by Maryam Moeini Meybodi, Graduate School of Education
Teaching Effectiveness Award Essay, 2020
At the first day of my Persian 11 series classes, designed specifically for heritage speakers, I ask my students what has motivated them to learn Persian. Ninety-nine percent of the time learning about the Persian culture/history is among the top answers. Teaching a heritage language to a diasporic population is a challenge in and of itself, let alone when the target language is a less commonly taught language with limited access to instructional and cultural resources. A couple of weeks into my first semester of teaching, I realized that the most pressing pedagogical challenge was the incorporation of cultural lessons into daily grammatical instructions. The quest was to design activities that enabled students to practice different forms of communication while learning about their culture.
In order to target multiple skills, I developed an activity called the “Detective Game.” In this task-based exercise, students are divided into two groups: detectives and famous cultural figures (e.g., singers, actors, poets, etc.). Each detective receives a quest card listing the characteristics of the person they should be looking for. The cultural figures group also receives an identification card listing their most important characteristics/biographical information. After reviewing their cards, I ask the students to spread out, and the detectives to start looking for their lost figures. Successful completion of this activity requires students to engage and practice multiple language skills: reading, speaking, and comprehension. As one of the most popular exercises in my class, this activity creates a quasi-situation for students to interact with each other, practice their conversational skills, and become acquainted with famous cultural and literary figures.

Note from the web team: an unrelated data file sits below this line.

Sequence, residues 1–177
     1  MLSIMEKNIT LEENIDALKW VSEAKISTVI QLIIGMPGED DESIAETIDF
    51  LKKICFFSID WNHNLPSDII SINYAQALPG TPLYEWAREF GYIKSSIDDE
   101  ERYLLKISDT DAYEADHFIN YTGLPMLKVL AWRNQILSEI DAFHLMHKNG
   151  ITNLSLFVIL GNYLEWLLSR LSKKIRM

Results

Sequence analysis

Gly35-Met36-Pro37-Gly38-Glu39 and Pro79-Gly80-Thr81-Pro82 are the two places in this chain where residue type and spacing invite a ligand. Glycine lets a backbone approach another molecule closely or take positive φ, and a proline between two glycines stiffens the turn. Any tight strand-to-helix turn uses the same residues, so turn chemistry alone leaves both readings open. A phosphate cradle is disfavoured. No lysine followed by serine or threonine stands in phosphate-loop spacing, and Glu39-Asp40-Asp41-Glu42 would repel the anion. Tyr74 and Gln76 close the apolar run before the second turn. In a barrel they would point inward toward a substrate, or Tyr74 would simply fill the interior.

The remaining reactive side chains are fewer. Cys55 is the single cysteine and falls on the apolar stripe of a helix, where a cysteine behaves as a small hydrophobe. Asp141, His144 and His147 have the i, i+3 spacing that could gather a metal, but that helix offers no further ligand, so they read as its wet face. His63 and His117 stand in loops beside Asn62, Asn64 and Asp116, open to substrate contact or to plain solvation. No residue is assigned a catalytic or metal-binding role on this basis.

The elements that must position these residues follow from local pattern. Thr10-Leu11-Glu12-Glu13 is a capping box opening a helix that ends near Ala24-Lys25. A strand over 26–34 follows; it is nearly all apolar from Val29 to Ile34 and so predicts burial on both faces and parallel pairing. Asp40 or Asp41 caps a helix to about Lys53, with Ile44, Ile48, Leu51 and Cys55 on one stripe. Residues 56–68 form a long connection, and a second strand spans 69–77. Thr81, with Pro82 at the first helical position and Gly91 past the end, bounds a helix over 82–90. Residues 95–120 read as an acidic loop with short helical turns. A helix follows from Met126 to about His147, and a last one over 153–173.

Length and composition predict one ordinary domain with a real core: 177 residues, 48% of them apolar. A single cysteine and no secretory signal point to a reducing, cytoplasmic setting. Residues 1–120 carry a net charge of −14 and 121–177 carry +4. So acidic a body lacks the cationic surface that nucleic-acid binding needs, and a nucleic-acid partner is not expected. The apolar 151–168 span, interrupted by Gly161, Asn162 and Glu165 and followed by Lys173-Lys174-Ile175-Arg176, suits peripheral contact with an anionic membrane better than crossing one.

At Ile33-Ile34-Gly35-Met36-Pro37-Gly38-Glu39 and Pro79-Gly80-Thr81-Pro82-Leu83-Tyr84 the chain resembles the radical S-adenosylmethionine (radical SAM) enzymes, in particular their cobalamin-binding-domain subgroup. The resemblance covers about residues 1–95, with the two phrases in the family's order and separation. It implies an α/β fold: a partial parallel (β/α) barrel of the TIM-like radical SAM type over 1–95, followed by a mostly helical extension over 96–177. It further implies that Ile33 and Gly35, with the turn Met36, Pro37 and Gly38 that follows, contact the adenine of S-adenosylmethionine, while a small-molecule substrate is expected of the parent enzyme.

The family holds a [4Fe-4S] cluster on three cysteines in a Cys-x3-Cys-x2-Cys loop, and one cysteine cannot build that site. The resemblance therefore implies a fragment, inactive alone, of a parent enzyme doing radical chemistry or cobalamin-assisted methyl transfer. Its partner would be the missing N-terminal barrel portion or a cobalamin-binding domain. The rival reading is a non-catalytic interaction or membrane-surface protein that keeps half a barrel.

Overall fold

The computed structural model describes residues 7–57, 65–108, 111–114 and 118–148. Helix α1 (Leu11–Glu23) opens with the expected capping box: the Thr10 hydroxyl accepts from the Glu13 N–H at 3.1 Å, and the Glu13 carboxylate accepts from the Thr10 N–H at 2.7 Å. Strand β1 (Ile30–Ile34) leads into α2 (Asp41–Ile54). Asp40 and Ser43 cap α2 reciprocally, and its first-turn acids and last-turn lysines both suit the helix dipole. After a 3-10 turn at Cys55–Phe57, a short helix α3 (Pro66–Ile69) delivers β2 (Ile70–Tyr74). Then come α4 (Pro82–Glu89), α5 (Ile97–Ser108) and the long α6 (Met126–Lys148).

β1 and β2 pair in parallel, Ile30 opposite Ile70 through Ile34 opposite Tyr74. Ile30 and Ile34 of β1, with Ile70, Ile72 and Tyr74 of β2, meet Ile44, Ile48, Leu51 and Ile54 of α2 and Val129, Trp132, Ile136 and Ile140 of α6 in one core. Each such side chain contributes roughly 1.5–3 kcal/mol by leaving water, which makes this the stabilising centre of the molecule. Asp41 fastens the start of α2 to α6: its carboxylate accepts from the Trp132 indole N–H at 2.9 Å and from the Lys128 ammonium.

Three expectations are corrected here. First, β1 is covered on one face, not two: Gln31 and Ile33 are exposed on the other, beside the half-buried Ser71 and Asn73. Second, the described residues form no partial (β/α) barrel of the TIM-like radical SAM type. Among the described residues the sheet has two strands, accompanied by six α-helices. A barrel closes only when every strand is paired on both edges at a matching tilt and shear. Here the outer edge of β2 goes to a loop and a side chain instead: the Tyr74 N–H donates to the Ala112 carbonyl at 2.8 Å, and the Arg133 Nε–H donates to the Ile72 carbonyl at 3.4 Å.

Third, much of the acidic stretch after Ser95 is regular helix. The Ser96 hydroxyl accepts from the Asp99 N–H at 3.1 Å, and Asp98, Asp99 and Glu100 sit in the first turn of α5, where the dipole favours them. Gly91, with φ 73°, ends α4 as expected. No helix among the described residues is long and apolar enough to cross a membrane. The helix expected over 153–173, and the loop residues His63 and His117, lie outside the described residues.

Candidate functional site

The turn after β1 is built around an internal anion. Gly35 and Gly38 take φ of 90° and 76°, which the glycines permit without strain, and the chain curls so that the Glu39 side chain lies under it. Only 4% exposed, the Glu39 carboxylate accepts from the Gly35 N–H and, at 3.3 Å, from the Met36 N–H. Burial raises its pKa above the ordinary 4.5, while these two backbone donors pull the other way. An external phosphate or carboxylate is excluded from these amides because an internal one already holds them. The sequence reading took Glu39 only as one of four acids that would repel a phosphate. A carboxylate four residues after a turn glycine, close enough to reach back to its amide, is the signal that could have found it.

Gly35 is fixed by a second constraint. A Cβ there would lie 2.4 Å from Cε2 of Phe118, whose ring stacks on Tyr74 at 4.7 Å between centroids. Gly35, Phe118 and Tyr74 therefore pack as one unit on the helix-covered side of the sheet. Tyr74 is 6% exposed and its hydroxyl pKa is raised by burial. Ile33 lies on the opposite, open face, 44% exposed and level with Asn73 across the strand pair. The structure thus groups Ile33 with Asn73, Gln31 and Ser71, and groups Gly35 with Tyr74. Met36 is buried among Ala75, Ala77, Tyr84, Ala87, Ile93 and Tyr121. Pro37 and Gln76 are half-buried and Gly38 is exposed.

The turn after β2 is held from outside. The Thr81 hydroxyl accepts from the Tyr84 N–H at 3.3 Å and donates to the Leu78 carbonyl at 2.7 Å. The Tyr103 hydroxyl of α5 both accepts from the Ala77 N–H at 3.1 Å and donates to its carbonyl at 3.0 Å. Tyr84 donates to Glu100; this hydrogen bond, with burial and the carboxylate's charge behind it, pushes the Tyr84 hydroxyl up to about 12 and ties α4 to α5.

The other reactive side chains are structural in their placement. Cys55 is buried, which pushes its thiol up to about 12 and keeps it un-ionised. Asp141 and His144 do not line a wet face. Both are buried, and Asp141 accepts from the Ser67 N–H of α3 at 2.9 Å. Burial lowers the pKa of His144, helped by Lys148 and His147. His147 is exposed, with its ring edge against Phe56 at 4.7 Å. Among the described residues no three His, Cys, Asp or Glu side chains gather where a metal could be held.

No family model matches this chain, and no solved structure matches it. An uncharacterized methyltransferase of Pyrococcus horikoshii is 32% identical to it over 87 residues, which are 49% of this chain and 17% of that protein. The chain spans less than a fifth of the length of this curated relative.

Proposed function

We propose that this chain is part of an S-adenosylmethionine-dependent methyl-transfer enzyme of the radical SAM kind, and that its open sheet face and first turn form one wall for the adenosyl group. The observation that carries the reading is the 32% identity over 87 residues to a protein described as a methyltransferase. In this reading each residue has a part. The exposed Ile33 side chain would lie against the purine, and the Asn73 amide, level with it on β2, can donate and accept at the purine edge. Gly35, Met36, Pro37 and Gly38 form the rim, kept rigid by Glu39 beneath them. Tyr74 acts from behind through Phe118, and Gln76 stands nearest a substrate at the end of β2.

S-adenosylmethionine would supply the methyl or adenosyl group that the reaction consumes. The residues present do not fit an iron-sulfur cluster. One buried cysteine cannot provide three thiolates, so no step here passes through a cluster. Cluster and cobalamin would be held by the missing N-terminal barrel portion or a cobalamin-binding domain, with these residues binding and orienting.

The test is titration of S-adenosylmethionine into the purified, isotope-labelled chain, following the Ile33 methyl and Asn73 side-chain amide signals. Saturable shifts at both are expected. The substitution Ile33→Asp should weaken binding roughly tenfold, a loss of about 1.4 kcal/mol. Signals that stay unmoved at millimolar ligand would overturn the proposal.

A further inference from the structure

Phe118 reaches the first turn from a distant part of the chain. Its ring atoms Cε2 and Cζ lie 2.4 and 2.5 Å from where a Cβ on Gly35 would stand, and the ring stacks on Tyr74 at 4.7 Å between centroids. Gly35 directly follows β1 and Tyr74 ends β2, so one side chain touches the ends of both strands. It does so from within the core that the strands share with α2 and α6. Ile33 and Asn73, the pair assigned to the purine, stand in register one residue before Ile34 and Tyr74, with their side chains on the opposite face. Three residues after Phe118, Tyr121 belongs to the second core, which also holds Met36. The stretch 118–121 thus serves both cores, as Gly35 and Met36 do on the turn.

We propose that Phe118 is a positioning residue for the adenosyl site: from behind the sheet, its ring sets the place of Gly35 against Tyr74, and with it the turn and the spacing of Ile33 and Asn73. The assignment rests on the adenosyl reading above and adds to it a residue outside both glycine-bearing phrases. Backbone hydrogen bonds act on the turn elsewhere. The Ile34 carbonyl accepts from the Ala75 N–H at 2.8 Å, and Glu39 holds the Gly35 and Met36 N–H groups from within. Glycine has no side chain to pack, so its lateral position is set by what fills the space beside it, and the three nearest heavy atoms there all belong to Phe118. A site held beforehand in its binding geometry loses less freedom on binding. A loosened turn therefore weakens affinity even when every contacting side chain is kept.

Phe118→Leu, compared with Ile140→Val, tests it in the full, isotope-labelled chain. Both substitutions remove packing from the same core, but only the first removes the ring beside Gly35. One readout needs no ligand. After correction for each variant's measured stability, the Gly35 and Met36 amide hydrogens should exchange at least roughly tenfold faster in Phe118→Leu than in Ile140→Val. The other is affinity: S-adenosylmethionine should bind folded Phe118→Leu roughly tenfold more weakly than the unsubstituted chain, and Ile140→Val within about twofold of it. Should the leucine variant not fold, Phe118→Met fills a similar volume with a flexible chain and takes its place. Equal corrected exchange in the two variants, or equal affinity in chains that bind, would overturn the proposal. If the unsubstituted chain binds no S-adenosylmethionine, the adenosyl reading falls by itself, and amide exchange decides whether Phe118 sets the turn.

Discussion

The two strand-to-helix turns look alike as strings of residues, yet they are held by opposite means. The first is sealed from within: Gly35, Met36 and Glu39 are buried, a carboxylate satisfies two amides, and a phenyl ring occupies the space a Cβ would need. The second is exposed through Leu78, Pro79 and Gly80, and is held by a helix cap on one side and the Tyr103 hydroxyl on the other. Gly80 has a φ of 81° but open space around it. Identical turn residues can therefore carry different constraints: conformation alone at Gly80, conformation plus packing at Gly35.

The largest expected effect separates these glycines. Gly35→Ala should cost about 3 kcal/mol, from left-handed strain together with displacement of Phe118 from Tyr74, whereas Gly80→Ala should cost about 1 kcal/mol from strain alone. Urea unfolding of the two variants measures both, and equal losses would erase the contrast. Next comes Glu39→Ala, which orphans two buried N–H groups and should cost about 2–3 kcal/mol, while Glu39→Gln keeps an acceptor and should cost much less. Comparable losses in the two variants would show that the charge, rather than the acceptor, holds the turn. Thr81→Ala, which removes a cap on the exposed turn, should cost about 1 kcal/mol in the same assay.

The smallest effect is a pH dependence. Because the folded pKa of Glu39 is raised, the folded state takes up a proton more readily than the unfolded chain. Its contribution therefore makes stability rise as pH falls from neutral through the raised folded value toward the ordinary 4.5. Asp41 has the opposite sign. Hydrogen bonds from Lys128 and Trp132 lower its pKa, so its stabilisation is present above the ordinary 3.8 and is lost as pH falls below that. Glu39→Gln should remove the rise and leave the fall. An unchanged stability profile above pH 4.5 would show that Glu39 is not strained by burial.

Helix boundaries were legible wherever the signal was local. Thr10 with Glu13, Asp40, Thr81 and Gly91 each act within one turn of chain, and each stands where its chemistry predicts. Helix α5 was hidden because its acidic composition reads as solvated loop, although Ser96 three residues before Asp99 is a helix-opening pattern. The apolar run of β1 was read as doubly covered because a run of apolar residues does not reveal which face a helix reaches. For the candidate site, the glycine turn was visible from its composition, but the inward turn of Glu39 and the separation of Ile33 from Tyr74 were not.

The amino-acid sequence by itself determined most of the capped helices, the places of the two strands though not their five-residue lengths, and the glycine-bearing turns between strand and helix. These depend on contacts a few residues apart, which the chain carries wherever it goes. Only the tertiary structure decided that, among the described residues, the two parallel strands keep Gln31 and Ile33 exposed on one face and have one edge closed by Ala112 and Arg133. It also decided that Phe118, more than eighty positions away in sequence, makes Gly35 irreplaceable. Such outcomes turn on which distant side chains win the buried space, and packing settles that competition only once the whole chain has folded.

In order to evaluate the effectiveness of this activity, I used multiple assessment methods. First, I would oversee students as they engage in inquiry-based conversations and evaluate their communicative skills. Furthermore, students’ understanding of interrogative sentence format in Persian would be quizzed at the end of the week in order to ensure the effectiveness of the activity. Lastly, another indication of this activity’s effectiveness has been students’ feedback in mid-/end of the term evaluations as well as increased curiosity about the different cultural figures they did not know about. Similar task-based activities have been used at different stages of my classes in order to provide students with the opportunity to engage in various cultural customs while developing their language skills.